21 answers

Advice on Split Abs After Cesarean

Hi there. I have a huge gap right down the middle of my rectus abdominus. We had an emergency c-section 11 months ago, so I didn't get back to exercising quickly! In fact, I am just now getting back in the gym this week. The gap is so wide in my abs that I can easily put a couple fingers in between the two muscles where the linea alba usually holds it together. Does anyone know if it would be unwise to do ab work at this point or would it actually benefit it? I can do core work just fine, but I don't have full ab capability- I need to use my elbows to sit up, etc. Any input would be great!

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My best friend had the same issue - she has used exercise to get it back (although it is not all the way back) She said polates and yoga were showed the best results. Even if you can't keep up in the beginning it will get better, she did!

I had the same thing after my c-section and had to have an abdominal incision repair (that included a mesh patch) to sew my abs back together again. You should see a dr.

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Hey, K.! Funny that this was the first question I saw. I was going to just call you and tell you this, but figured some others might be interested in the answer (and I myself needed to look it up to start getting rid of my own pooch sometime soon!) The pregnancy bodywork class I took this fall had some specific prescriptions for fixing diastasis recti - here's the info on abdominal exercises:

*Before* doing regular curl-ups or other abdominal exercises, you need to fix the separation. Doing regular curl-ups before the split in the muscles is repaired can actually make them separate further.

Modified curl-ups:
1. lie on your back on the floor with knees bent and feet on the floor.
2. do a pelvic tilt (flatten the curve in your lower back by posteriorly tilting pelvis - like the pilates "neutral spine")
3. cross your hands over the abdomen and grab the lateral borders of the rectus abdominus.
4. while breathing out, slowly raise your head while pulling your hands together.
5. stop before the abdomen starts to bulge.
6. inhale while returning slowly to start position.

Should be repeated daily, up to 50 repetitions, in sets of 10, until the separation is closed.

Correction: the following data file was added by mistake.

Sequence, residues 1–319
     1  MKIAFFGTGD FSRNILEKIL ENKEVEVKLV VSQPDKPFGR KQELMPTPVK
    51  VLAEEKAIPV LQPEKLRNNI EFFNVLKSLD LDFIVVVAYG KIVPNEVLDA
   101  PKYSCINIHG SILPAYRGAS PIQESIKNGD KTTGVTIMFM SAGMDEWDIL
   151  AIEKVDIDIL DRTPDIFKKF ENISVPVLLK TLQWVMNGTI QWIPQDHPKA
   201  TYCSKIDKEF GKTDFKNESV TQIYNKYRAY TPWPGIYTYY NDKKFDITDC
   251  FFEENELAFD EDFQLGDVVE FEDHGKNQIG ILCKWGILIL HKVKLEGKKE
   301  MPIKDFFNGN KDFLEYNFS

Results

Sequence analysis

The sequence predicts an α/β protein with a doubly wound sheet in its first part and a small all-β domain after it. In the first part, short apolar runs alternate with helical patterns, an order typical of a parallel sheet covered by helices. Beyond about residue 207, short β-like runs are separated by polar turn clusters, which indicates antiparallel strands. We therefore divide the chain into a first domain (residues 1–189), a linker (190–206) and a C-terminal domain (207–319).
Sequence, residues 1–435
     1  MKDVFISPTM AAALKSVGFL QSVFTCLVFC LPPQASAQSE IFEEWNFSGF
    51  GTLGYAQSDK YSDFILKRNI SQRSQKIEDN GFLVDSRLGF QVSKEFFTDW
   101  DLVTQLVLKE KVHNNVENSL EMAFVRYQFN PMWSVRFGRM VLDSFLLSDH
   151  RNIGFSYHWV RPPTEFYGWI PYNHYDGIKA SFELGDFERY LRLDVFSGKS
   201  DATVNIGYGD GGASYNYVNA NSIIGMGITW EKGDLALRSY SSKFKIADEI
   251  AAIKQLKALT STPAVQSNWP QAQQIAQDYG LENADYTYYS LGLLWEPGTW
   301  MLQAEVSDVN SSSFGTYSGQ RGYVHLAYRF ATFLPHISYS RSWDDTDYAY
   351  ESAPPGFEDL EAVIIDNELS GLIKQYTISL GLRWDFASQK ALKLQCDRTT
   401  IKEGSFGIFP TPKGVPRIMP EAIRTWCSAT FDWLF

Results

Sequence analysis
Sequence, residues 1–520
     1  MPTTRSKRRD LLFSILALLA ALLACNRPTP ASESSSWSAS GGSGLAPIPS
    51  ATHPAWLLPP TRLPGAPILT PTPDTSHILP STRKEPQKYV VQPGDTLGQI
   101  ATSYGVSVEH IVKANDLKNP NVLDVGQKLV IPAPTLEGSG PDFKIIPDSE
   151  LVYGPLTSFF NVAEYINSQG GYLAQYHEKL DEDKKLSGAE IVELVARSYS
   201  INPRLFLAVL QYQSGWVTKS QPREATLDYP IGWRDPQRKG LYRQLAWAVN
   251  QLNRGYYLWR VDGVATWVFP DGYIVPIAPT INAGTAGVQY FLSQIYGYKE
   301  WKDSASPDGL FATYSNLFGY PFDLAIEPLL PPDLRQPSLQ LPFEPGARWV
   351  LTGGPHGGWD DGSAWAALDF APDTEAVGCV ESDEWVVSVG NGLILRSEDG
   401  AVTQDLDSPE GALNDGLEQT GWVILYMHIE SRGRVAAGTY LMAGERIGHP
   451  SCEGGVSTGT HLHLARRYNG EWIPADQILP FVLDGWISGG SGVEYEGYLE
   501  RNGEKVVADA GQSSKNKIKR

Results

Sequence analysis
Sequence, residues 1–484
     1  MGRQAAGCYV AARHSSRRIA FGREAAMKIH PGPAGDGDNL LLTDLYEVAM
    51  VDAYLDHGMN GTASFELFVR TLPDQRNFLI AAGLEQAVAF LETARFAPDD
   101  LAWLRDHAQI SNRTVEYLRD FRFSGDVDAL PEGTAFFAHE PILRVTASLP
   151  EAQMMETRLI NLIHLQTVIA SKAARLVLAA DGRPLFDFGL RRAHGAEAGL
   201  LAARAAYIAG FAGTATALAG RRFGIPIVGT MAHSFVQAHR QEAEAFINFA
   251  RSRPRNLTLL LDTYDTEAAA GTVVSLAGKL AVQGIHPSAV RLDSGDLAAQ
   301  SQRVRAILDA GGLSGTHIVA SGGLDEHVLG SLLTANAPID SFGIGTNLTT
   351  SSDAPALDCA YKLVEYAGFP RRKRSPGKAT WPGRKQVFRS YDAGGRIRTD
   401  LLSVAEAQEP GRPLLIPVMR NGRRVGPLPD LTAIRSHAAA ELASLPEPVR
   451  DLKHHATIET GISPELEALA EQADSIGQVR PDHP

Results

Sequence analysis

Hope that helps!

1 mom found this helpful

I would see your doctor about this...as said here it was your pregnancy that caused the vertical split of the abdominal muscles. But you say you had emergency c-sec? Is your incision vertical instead of horizontal at the bikini like? You may be able to correct that with surgery if it give you trouble.

Have you tried doing isometic exercises (where you don't actually move, but just contract or tighten the muscle) for your abs? I would probably start with isometrics, trying to minimize the gap in one stable position (commonly laying down in the traditional abs exercise position.) Once you can tighten the muscles to the point of minimizing the gap, then you can start adding an abdominal curl. When you add the abdominal curl, it simply be raising your head and maintaining the minimal gap in the linea alba. You can gradually do more of a curl/sit up as your muscles get stronger, maintaining the minimal gap the whole time. If your gap in the muscles becomes large, back off the exercise and do the previous level of difficulty that did not cause the gap to widen.
You could ask you obgyn to send you to a Physical Therapist for some muscle retraining, since your abdominal muscles are crucial in preventing injury to and supporting your back.

Hi K.,

It is common for women that have had a child to have separated abdominal muscles. Since your son is 11 months old, it should be safe to do ab excercises by now. Those muscles may be weak, because you haven't worked on them. They should get stronger once you work them.

You may want to consult a doctor to make sure that you do not have a hernia, before you start working out. Also, if you ever consider cosmetic surgery, the Abdominoplasty (Tummy Tuck) procedure consists of sewing the separated abdominal muscles back together in addition to the removal of the extra skin.

I am not a physician, but I do have medical knowledge. Hope this helps.

Warmly,

S. P.

-----------------------------------------------